Ombudsman recommends disciplining officer over dirt-bike chase

In this screengrab from one of the videos shot by bystanders, the dirt biker can be seen speeding down a residential neighbourhood in Savannah on 4 April.

The Ombudsman has recommended that Commissioner of Police Derek Byrne consider disciplining one of his officers for using a baton to strike a dirt biker who had led police on a 72-minute chase in the early days of the COVID-19 lockdown.

The report by Ombudsman Sandy Hermiston into the 4 April incident also stated that the same officer acted unprofessionally by threatening a woman with arrest as she recorded the incident. Another officer who pulled the biker off his motorbike during the pursuit was deemed to have acted in a “reasonable” fashion.

Hermiston’s report also found a police motorcycle had crashed into a private vehicle driven by an off-duty police officer who had joined in the pursuit.

Ombudsman Sandy Hermiston

The report centred around how police reacted after receiving complaints about several motorcyclists riding recklessly, performing stunts and being a nuisance around 4pm that day.

The police helicopter located seven motorcycles and riders near Lookout Gardens in Bodden Town, and as the police approached, the riders fled in different directions.

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The Ombudsman report stated that the RCIPS pursued one motorcyclist who appeared to pose the greatest risk to the public. That pursuit lasted more than 70 minutes, and came to an end when an officer on foot managed to grab the motorcyclist’s arm and pull him to the ground.

“The incident was witnessed by several bystanders, some of whom recorded it and circulated their recordings on social media,” the report noted. “A struggle ensued and additional officers arrived to assist. Videos of the incident show one officer arriving on the scene and immediately drawing his baton and striking the motorcyclist on his leg while he was on the ground struggling with the arresting officer, who had him pinned.

“The officer then moved to confront a woman standing nearby, he yelled at her and told her to return to her car. This same officer returned to interact with the woman on two further occasions yelling at her and threatening arrest for recording the incident.”

The Ombudsman found that the force used by the arresting officer when he grabbed the motorcyclist’s arm and pinned him in order to handcuff him was “necessary and reasonable to end the pursuit and effect the arrest”.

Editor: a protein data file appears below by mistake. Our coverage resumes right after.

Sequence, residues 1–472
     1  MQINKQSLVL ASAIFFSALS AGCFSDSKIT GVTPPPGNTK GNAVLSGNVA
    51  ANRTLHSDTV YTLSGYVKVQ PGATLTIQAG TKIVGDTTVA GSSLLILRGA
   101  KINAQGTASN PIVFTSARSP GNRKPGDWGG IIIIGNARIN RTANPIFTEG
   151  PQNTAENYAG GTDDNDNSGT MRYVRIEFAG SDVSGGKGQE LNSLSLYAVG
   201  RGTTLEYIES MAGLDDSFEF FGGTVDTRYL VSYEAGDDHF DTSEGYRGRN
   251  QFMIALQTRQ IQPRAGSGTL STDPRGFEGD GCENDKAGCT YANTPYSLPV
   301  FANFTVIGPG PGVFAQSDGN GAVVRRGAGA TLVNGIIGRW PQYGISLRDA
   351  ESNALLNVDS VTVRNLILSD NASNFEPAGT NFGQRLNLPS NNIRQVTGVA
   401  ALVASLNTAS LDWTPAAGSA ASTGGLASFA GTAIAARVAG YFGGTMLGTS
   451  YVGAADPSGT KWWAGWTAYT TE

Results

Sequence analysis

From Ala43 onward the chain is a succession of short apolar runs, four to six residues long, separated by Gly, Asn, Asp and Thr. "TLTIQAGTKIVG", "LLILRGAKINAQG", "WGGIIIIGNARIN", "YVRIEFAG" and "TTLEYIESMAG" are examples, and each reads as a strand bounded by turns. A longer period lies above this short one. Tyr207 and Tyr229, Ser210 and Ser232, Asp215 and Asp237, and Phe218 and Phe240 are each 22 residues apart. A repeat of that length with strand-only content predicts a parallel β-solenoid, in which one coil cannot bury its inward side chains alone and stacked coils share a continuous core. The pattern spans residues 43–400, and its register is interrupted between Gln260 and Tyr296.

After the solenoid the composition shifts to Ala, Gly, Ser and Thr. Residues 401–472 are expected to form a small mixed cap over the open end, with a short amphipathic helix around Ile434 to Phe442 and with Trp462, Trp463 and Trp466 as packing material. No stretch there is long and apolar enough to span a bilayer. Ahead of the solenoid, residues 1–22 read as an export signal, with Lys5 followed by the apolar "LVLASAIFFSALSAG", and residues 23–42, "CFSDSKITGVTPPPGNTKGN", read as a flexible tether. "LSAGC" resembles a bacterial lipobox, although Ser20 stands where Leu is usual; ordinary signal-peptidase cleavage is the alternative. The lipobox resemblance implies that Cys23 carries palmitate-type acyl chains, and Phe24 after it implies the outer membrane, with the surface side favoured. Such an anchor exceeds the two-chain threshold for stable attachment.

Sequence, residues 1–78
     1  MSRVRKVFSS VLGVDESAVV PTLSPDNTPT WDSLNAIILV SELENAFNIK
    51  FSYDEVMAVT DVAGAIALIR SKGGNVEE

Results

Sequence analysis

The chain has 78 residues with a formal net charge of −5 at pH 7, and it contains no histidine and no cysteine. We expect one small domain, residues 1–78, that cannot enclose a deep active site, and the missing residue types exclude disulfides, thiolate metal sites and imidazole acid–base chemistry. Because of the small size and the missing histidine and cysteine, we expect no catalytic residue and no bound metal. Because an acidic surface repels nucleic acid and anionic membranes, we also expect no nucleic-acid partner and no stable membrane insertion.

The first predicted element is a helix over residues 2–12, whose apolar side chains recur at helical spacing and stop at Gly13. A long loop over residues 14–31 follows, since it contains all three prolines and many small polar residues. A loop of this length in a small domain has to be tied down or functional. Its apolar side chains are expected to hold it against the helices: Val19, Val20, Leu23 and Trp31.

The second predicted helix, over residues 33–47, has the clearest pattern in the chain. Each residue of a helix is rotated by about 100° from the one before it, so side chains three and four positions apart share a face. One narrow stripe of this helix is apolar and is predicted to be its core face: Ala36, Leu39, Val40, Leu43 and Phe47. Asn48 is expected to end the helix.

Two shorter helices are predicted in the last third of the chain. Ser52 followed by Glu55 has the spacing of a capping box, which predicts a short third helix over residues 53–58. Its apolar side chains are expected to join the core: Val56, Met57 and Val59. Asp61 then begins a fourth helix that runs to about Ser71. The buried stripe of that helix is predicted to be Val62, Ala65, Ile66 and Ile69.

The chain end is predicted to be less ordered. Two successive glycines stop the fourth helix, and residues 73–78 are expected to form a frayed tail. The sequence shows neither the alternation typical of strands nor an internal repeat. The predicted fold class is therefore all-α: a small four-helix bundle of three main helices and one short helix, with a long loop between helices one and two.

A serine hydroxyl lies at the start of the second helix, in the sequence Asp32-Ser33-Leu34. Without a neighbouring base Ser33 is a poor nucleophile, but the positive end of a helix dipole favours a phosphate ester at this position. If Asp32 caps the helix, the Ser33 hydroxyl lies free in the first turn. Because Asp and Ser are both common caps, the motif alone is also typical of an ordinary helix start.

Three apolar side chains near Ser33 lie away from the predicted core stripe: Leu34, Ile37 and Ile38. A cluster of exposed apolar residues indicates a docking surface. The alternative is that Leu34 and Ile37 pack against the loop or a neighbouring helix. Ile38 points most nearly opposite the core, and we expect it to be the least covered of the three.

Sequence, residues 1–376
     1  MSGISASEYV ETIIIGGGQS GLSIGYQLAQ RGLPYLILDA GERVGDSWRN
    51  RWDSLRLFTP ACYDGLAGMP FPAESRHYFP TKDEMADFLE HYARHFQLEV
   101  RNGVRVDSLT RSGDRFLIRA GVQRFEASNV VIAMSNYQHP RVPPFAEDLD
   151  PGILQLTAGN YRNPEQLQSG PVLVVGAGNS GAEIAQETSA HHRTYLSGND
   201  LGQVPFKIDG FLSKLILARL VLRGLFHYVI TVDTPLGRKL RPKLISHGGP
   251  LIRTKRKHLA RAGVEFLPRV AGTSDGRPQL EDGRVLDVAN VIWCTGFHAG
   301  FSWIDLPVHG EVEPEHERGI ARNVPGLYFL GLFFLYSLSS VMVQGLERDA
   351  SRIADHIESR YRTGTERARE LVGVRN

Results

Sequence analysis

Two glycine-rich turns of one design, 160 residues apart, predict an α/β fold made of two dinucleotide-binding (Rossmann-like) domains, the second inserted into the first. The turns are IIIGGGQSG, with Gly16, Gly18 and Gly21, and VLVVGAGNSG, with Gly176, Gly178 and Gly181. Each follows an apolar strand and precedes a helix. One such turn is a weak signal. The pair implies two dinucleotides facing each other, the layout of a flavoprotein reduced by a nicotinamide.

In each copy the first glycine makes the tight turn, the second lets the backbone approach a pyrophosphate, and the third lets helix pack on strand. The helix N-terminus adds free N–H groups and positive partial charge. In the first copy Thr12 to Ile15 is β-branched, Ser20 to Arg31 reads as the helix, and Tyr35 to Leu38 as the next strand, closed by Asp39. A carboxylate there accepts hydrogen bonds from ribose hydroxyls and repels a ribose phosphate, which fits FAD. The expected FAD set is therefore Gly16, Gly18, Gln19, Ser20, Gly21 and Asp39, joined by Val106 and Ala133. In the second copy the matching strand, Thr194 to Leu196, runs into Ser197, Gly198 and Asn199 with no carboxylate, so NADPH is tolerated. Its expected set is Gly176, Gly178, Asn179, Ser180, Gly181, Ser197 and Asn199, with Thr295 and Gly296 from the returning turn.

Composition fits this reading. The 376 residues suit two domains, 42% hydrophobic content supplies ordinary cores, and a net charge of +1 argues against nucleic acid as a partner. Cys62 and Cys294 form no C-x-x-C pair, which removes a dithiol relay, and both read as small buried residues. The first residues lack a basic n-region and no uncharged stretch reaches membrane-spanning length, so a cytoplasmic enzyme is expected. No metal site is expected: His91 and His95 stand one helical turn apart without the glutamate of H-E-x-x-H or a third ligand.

However, Hermiston said in her report that she was concerned about the actions of the second officer who used his baton to strike the motorcyclist on the leg. She found that this use of force was “unnecessary and unreasonable given the suspect was on the ground and, although struggling to get up, was not strenuously resisting arrest”.

The Ombudsman also has recommended that the Royal Cayman Islands Police Service’s pursuit policy be updated and implemented because the existing one, which is dated 16 Aug. 2010, is “outdated and not fit for purpose because it lacks clarity and is difficult to understand”.

She noted in her report that senior officers on duty had failed to take charge of the incident which led to the pursuit unnecessarily continuing for an extended period, increasing the risk to the public.

During the chase, an off-duty officer joined his fellow police, using his private vehicle to “conduct a tactical manoeuvre” to try to intercept the fleeing biker, Hermiston found. However, rather than stopping the suspect, the manoeuvre resulted in a police motorcyclist crashing into the officer’s vehicle.

Hermiston found this to be in contravention of RCIPS policy, saying it had created a “high risk” as the vehicle was not outfitted with basic police markings or lights and siren. She recommended that the officer receive advice and guidance regarding his actions during the incident.

She also suggested that Byrne clarify for all RCIPS officers whether it is ever permissible for off-duty police to involve themselves in pursuits using private vehicles.

The 23-year-old biker, from Bodden Town, was subsequently charged with breaking curfew as well as several road offences.

The Cayman Compass has reached out the RCIPS for a response to the Ombudsman’s report and is awaiting a reply.

Hermiston told the Compass that her office would not be releasing the full report to the public as it contained “confidential, sensitive and personal information”. She said, “The Office of the Ombudsman seeks to release as much information as possible on the matters we investigate. However, we must balance the need for transparency with the obligation to protect the integrity of criminal investigations and people’s right to privacy.”


  • The police commissioner should consider disciplining the officer over the use of a baton and his unprofessional conduct in his interactions with the woman at the scene.
  • The RCIPS pursuit policy should be updated and implemented as soon as possible.
  • A debrief of all officers involved should occur to review this incident and learn from it.
  • Critical-incident managers should receive direction with respect to their roles in future pursuits.
  • The police commissioner should clarify for all officers whether it is ever permissible for off-duty officers to involve themselves in pursuits using private vehicles.

Read the press release on the Ombudsman’s findings.

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  1. A gang of 7 hoodlums terrorized a neighborhood performing wheelies on their motorbikes.

    This at a time when the general public are confined to their homes for fear of catching a possibly deadly virus.

    I think it’s fair to say that after over an hour of chasing these idiots any police officer would be on edge. This should be taken into account.

    Shame you didn’t catch more of them.